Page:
After Showmanager, I was next introduced to Iron Horse and Timbuktu. Iron Horse, now also available as Metro, is the best tile laying game I've played. In many ways it is comparable to Linie 1, but whereas Linie 1 has a problem of conflicting goals (short routes vs. few stops vs. quickly constructed routes) Iron Horse has a clear goal, and the scoring supports the goal. Timbuktu is a unique game, combining deduction, risk management, and a small memory element into a very playable game. Players compete to deliver the greatest value in goods to Timbuktu, with thieves trying to stop them at every turn. Timbuktu tends to polarize players more than Henn's other games, not surprisingly for such an unusual game. It is one of the two games at the top of my list of games I most wish I had designed.

Carat is one of Henn's most abstract games. The scoring is unusual, in that only the player with the greatest influence over a scoring marker scores (unless there is a tie), but the score is based upon the number of players involved. Oddly (but usefully), the game plays best with three players, as the dummy player offers significant additional options. Texas, now available as Rosenkönig, is another largely abstract game, wherein players collect and use cards to allow the piece placements they desire. It only works with two players or four players in teams of two, however. However, while the two-player game evokes a wide range of responses, everyone I know has enjoyed the four-player partnership game significantly more. I'm not enough of an abstract game fan as to have been tempted by Tendix, the one Henn game I have yet to play.

There are a few classic games that have offered game mechanics used time and time again. Hol's der Geier is one, with it's simultaneously revealed "bid" mechanism. Acquire is another; there are dozens of games I've played (and far more I haven't) that offer scoring opportunities limited to the 1st and 2nd place stockholders in the various companies (or towers - Campanile - or the players with the longest trains of each type - Freight Train - etc.). Stimmt So! is Henn's entry into the Acquire scoring system arena. It's one of the easier to learn games of the genre, and thus one that seems to go over well with non-gamers. Players collect money in four different currencies, using their money to purchase six different types of good and build pluralities or scoring minorities in these goods. Like Henn's other professionally produced games, the graphics are cute but the pieces are not as distinctive as those in other German games. Alhambra, the Spiel des Jahres winning update of Stimmt So!, offers a couple of rule improvements easily applied to Stimmt So! (initial capital and money draws), plus a wall-building element that I find has no effect on my opinion of the game.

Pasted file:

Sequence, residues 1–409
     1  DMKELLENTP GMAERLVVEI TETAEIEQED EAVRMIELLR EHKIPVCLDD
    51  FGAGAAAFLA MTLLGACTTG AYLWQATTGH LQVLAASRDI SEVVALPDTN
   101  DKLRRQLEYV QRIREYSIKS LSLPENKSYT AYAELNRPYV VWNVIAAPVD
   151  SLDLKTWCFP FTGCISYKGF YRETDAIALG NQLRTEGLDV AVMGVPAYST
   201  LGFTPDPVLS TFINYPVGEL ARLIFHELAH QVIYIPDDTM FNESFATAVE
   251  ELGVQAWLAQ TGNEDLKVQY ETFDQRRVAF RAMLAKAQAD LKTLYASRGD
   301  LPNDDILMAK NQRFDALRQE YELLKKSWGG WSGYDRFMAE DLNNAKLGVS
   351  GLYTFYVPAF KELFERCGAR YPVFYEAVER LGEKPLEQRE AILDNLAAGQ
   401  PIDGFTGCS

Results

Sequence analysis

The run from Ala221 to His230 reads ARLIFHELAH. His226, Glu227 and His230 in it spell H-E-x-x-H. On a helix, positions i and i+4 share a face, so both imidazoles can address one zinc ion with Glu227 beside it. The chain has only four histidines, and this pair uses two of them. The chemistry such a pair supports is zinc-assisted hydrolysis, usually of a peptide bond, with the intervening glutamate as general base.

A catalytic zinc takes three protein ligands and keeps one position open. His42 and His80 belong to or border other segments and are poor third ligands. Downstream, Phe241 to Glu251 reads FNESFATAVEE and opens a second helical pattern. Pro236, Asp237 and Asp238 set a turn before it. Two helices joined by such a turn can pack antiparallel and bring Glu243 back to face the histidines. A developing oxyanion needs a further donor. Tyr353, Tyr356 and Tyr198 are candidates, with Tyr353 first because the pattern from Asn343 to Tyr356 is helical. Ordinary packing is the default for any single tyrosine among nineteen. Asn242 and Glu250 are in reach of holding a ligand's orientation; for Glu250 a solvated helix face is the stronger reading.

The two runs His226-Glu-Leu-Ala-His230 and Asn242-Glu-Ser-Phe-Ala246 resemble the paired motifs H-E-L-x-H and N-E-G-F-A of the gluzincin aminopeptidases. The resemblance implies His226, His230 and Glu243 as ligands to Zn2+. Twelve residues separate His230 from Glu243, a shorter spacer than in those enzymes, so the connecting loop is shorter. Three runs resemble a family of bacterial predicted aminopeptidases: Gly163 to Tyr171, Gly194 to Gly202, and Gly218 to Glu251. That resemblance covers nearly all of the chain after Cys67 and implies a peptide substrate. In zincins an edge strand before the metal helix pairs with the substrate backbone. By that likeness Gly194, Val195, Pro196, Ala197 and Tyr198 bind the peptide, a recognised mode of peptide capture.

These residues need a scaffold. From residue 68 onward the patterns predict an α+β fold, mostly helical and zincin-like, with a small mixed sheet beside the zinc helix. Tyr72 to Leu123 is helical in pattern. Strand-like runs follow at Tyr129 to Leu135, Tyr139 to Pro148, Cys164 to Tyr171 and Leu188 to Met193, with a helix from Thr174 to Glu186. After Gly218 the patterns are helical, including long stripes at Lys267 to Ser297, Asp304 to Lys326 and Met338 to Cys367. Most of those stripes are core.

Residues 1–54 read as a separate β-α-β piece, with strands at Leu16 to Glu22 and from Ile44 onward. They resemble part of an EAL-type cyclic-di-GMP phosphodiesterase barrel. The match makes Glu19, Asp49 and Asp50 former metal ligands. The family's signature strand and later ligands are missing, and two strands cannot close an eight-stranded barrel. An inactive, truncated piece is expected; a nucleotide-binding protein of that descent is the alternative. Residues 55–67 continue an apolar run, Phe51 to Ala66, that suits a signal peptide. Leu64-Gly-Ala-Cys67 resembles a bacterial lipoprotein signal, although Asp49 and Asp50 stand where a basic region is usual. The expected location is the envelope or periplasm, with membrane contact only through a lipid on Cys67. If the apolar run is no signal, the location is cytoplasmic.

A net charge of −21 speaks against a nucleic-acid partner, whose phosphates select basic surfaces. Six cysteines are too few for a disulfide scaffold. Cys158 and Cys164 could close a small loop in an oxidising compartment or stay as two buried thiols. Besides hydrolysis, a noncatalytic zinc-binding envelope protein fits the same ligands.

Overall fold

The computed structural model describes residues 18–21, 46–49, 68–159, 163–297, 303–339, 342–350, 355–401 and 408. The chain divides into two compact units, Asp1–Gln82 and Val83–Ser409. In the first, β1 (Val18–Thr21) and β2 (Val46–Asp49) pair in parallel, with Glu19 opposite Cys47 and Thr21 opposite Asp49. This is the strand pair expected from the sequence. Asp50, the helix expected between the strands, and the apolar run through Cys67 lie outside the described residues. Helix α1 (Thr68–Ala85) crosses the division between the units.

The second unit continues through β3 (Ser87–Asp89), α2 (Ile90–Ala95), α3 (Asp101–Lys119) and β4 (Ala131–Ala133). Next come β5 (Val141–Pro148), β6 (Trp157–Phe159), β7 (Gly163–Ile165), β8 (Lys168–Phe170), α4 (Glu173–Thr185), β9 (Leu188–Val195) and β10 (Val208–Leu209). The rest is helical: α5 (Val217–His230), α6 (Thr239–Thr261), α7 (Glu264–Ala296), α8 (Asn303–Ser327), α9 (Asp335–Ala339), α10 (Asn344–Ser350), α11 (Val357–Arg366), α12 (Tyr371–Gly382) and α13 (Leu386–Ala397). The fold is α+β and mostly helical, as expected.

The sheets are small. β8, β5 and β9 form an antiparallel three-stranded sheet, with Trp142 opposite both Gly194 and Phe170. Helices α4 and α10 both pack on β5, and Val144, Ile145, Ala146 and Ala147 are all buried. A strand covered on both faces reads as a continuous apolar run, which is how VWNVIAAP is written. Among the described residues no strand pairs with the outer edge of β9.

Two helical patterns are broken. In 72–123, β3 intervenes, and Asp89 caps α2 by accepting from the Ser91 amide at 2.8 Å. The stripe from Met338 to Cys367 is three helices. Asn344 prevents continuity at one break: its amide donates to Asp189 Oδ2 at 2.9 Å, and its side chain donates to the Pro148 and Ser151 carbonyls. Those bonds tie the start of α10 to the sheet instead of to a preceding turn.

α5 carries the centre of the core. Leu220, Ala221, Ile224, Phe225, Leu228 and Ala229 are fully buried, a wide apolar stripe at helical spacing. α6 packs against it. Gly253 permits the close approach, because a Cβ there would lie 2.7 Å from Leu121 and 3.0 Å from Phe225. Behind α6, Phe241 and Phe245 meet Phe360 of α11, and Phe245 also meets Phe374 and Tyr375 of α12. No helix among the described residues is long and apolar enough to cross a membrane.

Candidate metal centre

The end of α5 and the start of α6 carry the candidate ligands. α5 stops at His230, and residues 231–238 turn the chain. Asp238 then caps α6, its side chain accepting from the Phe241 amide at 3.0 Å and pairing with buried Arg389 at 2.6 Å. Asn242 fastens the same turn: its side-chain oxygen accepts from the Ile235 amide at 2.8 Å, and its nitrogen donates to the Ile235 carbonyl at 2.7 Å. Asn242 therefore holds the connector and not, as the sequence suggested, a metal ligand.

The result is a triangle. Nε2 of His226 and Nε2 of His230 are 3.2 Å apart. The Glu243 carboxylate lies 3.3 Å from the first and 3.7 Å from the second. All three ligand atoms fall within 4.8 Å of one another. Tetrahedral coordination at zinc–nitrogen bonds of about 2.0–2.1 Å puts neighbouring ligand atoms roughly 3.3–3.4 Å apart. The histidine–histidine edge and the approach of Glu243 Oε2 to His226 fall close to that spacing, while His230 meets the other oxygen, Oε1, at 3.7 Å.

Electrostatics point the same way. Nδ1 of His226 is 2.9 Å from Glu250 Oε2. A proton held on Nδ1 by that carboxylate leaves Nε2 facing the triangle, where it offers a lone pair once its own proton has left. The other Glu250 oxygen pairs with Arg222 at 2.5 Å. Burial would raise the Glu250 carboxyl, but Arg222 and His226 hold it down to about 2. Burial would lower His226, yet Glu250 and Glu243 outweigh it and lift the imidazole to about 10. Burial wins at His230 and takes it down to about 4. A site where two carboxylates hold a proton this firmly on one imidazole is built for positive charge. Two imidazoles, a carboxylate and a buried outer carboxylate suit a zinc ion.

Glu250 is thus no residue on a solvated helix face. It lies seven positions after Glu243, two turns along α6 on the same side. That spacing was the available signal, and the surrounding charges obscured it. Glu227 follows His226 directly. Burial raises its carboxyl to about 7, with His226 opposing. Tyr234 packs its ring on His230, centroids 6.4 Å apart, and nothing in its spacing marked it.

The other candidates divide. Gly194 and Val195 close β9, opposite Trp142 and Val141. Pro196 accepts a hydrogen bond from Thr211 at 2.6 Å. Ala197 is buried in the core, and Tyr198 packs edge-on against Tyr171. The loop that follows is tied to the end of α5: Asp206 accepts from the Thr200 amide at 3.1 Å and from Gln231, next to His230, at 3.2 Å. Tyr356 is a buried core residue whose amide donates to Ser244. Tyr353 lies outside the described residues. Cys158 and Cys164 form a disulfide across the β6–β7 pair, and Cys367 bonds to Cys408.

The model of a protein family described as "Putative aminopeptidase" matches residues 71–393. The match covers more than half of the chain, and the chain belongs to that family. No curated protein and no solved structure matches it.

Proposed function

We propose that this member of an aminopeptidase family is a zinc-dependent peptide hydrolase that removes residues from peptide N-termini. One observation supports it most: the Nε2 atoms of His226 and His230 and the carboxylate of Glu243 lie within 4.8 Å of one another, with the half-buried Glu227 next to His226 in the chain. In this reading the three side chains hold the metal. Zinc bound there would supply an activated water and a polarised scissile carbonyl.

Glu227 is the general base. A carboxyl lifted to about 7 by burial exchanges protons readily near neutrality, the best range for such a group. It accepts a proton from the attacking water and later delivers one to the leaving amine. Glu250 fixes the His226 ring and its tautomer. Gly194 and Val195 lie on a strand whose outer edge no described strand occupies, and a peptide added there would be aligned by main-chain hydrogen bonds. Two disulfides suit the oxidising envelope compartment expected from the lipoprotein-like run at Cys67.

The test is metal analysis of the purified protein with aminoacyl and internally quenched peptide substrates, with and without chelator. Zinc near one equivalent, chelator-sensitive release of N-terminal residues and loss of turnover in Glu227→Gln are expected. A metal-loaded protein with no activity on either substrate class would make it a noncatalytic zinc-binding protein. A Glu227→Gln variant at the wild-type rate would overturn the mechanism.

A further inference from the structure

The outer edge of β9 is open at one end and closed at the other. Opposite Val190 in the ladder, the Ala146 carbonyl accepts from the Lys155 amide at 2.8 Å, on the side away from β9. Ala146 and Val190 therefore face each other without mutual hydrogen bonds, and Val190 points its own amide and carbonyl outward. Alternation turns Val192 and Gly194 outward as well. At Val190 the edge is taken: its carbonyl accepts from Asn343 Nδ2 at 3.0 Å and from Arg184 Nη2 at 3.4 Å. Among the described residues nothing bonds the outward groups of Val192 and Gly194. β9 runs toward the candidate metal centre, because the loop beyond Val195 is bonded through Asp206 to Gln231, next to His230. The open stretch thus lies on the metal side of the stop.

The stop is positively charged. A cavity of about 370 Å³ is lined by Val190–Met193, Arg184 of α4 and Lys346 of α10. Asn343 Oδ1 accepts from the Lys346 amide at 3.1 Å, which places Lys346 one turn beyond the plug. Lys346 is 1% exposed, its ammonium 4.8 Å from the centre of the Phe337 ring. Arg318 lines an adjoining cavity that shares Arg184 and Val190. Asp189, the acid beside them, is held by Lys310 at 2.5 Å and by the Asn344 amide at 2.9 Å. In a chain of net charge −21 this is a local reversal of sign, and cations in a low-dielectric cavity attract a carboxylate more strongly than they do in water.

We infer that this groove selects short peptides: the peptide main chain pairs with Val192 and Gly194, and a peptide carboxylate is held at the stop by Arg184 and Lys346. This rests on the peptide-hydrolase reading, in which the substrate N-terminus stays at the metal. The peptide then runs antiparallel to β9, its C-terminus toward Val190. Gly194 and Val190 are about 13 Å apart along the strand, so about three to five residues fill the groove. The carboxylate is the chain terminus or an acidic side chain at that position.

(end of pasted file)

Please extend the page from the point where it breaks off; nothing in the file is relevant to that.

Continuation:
Henn has produced two other economic games of some merit, neither of which has been picked up by a major publisher. Spekulation is a stock market game (with a stock price system largely re-used in Showmanager, interestingly enough) where players have limited control over the price of stocks, and somewhat limited options for stock transactions. It has proven to be reasonably popular - helped in no small part by the fact that it handles six players without a problem - without becoming a major hit. Yukon Company is an Alaskan wilderness marketplace game that has received decidedly mixed reviews. The game is driven by a set of cards that can only be used for one of four uses (buying, selling, choosing a destination, and choosing an event), forcing players to come up with an optimal (or reasonable) set of choices quickly, with contingencies. This mechanic is one that I find very appealing, but which others find unenjoyable; where you fall in such a debate is likely to be where you fall with regards to the merit of Yukon Company as a whole. The game does have one other interesting mechanism worth noting - a mercy rule. If the leader gains a sufficient lead (which becomes smaller and smaller as the game progresses), they can declare the game over.